The article analyses the role of renewable energy in the process of the development of the energy market of the East African Community (EAC) . The author underlines the necessity of finding solutions for such challenges as rising wood and charcoal prices, deforestation, lack of affordable and reliable electricity for a large number of consumers. The study reveals that nowadays the percentage of people with access to modern sources of energy is very low, varying from 7 % in Burundi to 36% in Kenya, although the EAC countries made significant progress in 2000s. Most people in rural areas rely on traditional biomass for cooking and heating, which leads to ecological and health problems. The author concludes that renewable energy development is considered by the Community as one of the prospective ways for providing energy to remote regions in view of abundant solar, wind and geothermal resources. Their strategy aims at the construction of micro and mini hydro stations, stand-alone solar PV systems and off-grids for rural population usage. The study shows that the investment in off-grid renewables has been steadily rising in recent times . Analyzing grid-connected power generation electricity, the author elicits that it is also based on renewable electricity, which accounts for 65% of the total amount. Kenya, with the highest installed capacity in this sector, is investing mainly in geothermal, solar and wind sources of energy, while the others are focusing on hydropower and solar. For the purpose of attracting private investment, the EAC partner states adopted different regulations, including Feed-in Tariff, zero-VAT and GET FIT Programme. The author assumes that renewable energy financing is one of the main challenges despite the support of different international financial institutions, such as the World Bank, UNIDO, AfDB and others. Nowadays energy efficiency measures are becoming important instruments for the EAC countries resulted in power savings. The other important trend is increasing cooperation among them due to their grid-connected power systems in the East African Power Pool. In this context, in November 2017, the EAC Partner States adopted Energy Security Policy Framework, in order to ensure the sustainable development of their energy sector.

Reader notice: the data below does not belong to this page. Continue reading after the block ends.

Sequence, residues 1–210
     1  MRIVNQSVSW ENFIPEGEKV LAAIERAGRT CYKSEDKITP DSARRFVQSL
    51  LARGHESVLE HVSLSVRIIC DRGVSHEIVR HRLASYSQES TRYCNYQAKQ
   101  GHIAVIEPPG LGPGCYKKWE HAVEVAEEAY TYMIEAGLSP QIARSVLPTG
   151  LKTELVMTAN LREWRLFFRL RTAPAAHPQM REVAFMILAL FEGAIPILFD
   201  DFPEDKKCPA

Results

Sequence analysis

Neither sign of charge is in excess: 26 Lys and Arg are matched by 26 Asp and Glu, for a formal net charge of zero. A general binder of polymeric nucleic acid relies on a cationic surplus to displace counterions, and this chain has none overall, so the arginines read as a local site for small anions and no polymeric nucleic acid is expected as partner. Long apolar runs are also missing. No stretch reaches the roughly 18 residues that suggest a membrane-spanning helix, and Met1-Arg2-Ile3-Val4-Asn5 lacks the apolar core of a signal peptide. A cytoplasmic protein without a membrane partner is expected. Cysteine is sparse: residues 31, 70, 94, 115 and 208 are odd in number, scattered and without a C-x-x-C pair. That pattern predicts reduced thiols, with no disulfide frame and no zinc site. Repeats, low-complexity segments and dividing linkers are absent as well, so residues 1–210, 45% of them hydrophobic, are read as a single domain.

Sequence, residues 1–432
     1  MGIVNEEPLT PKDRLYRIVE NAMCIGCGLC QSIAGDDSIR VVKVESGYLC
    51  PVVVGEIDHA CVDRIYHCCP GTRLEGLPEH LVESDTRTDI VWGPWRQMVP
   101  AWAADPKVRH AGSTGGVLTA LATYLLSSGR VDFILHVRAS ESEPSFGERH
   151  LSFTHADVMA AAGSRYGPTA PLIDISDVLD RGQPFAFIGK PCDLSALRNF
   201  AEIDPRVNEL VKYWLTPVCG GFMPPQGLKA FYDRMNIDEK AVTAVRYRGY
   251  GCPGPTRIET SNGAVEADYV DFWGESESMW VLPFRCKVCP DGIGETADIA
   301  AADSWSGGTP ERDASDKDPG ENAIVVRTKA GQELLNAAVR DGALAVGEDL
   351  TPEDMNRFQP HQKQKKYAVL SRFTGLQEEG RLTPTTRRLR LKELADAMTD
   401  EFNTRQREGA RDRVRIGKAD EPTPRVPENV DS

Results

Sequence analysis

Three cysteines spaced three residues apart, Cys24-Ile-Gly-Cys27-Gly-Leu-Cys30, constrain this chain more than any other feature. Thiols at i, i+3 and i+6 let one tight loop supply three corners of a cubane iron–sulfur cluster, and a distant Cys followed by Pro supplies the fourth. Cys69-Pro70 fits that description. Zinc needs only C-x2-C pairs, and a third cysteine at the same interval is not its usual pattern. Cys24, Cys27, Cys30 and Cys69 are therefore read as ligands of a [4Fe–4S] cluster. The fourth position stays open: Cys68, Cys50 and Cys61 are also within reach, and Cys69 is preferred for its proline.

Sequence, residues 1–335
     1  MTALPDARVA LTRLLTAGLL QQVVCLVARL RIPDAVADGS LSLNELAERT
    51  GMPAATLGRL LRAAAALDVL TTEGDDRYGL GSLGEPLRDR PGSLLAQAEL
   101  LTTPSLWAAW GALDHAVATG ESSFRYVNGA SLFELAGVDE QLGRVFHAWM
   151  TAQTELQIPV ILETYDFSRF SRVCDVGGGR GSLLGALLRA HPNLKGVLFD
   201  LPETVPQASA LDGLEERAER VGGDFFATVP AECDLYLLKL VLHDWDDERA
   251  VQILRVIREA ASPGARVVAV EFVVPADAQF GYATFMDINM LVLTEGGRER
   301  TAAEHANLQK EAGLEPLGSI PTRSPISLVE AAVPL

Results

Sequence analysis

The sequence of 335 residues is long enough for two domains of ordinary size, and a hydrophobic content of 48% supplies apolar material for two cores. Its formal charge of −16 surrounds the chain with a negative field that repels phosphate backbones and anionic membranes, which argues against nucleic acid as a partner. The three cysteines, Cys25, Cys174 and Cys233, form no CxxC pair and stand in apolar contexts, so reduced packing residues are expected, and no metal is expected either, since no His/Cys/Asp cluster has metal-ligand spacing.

the EAC partner states, renewable sources of energy, solar energy, wind energy, geothermal energy, Feed-in Tariff, mini hydro station, off-grids, traditional biomass, power pool
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